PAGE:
In this trade, the Celtics would have given up two starters in exchange for a rookie point guard in Stuckey and an experienced scorer in Hamilton. Hamilton had just had a season in which he scored 18.3 points per game on average. It would come down to a “would you rather” situation. Hamilton previously averaged a high number of points in a season in 2009-2010, when he finished with 18.1 points in just 46 games.

Because Allen would remain with the club longer and have greater success, this would have been a one-year successful rental in which Hamilton would not have played the whole season. Even if the Celtics replace Hamilton with Allen, they may not be able to win the NBA Finals in 2010. Stuckey was likewise a second-year player with no postseason experience.

If a trade occurs, the following is the projected lineup for the Pistons.


Rajon Rondo (PG)

Ben Gordon (SG)

Ray Allen, SG

Jonas Jerebko, PF

Ben Wallace (C)

On paper, this should have been the year when the genuine rebuilding began. If you thought Rondo had issues in Boston, picture him at this age playing for this club, which would have been far worse. Rondo would have gone or demanded a trade at the first opportunity. Perhaps Rondo’s presence would have benefited Ben Gordon, but Gordon dropped from averaging 20.7 points per game to only 13.8 points per game. His next seasons were all on the decline.

Allen’s efforts would not have been sufficient to propel this squad forward, and he would have gone after the season. Ben Wallace was back with the squad after a stint with the Cavaliers, while Jonas Jerebko was a rookie after being taken with the No. 39 overall choice in the draft. He was also in the midst of a career reversal. This lineup may have gotten them a spot in the eighth round.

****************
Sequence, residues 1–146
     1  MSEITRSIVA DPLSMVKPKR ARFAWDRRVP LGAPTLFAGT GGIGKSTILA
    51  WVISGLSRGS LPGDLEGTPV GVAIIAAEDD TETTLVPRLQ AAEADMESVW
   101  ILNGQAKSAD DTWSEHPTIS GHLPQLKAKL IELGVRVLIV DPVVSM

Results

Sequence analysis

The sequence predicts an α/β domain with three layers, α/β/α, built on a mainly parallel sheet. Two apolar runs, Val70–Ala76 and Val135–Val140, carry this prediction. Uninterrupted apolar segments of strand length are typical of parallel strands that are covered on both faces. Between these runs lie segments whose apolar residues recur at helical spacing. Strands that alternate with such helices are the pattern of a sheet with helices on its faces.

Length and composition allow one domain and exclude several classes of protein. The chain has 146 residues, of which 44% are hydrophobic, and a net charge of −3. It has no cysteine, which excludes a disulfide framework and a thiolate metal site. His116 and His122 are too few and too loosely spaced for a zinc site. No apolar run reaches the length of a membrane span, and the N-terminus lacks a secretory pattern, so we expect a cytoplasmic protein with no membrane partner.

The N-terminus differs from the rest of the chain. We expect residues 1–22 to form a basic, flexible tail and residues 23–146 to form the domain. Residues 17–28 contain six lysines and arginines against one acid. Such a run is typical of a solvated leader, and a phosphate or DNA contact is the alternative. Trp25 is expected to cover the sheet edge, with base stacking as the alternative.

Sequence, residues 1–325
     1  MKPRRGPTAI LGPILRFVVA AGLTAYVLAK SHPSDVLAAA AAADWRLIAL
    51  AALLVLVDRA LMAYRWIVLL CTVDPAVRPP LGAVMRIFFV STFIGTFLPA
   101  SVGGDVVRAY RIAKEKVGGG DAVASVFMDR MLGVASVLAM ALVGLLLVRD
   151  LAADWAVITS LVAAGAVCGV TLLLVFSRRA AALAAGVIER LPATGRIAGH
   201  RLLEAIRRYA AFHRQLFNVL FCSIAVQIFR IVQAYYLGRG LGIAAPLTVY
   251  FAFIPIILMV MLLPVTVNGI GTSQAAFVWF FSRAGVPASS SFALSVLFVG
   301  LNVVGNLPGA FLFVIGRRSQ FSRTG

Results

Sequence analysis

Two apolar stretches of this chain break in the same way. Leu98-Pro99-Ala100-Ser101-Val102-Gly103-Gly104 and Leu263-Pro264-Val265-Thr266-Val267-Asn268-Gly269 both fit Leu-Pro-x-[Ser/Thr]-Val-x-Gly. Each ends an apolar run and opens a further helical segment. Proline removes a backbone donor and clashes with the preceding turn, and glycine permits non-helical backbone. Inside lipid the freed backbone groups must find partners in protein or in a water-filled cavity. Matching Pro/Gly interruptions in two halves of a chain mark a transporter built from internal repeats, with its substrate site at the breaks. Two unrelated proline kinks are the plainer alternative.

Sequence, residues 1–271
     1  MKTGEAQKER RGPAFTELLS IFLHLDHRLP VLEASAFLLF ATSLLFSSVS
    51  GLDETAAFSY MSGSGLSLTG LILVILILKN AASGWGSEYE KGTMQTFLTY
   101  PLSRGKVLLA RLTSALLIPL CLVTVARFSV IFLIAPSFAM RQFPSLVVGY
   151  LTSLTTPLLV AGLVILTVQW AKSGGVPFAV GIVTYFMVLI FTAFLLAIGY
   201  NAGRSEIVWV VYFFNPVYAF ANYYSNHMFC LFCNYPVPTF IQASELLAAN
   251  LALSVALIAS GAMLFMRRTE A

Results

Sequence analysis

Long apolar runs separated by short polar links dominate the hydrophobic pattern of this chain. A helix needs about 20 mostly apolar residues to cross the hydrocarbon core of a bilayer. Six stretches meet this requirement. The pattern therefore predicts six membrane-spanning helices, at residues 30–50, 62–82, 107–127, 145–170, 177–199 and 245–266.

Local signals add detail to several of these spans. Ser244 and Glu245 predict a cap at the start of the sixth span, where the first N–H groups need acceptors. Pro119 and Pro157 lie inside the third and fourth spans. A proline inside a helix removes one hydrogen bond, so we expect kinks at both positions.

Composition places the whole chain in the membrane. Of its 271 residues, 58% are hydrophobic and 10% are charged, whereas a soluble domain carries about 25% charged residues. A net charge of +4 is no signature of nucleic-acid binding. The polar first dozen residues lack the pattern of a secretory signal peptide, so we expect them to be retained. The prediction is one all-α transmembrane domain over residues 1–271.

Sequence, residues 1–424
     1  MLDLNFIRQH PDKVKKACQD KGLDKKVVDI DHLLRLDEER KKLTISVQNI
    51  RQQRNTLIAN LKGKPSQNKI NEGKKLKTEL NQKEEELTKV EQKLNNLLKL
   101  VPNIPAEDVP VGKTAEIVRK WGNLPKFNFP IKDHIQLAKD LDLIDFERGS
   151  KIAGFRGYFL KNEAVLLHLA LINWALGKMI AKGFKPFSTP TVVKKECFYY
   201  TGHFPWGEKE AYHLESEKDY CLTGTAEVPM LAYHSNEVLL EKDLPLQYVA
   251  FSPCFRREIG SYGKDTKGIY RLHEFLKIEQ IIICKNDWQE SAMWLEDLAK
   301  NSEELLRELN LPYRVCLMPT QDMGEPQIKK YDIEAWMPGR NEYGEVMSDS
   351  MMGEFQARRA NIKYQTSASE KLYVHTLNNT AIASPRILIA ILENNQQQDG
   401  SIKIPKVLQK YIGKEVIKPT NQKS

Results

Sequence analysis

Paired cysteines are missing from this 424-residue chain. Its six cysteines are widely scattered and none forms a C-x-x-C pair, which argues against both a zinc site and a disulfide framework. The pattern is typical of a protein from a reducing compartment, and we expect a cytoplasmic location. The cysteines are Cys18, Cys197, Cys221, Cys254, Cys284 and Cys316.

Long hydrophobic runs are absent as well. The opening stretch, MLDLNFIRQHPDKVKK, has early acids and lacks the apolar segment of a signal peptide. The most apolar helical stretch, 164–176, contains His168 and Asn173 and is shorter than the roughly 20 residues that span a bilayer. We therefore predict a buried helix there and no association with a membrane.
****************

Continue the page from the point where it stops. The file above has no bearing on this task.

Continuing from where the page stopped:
The Following Match

Stuckey finally departed the Pistons in free agency in 2014, but the franchise was in a rut, hanging in the middle of the standings with no apparent path forward. Meanwhile, Hamilton was bought out by the Chicago Bulls in 2011 and became a major member of the “Bench Mob.” Prince remained with the organization until 2013, when he was moved in a three-team deal including Jose Calderon.

Rondo remained with the Celtics until 2012, although he was a significant contributor to the team’s success. He was later sent to the Mavericks in exchange for Jae Crowder and a first-round selection, which turned out to be a bad deal for Dallas. Allen, on the other hand, departed the Celtics in 2012 to join the Miami Heat, resulting in a 10-year emotional separation with the franchise. Because this deal never took place, the team took two completely different trajectories.

The Pistons’ dynasty started to crumble after the 2007-2008 season. It would be seven years until the squad had a winning record. The squad reached the playoffs in 2008-2009, although previous Finals MVP Chauncey Billups had been dealt to the Nuggets. After the 2009 season, Allen Iverson, who was acquired in a trade, departed the team. Ben Gordon’s production dropped significantly after joining the team from the Bulls, although Ben Wallace was an older player. Allen would have departed the club after one season and joined the Heat, but it would have been two years earlier this time.

The Celtics, on the other hand, kept its core intact and were a title contender for three years in a row. The Celtics reached the NBA Finals in 2010, but were beaten by the Los Angeles Lakers, who had won their second consecutive championship. The club was lost in the playoffs in 2011, but the 2012 season was the most dramatic. The club advanced to the Conference Finals, but were beaten in a difficult, physical series against LeBron James, Dwyane Wade, and Chris Bosh.

Allen departed the Celtics after bowing out, which enraged Kevin Garnett, who felt the Celtics were talented enough to overcome Miami. It resulted in Allen’s departure from Celtics staff and fans who supported Garnett. Allen was not spotted hugging Garnett and Pierce until this year (2022), indicating that everyone has moved on from the past. In the end, Ainge made the greatest decision he could have made by refusing to make the transaction.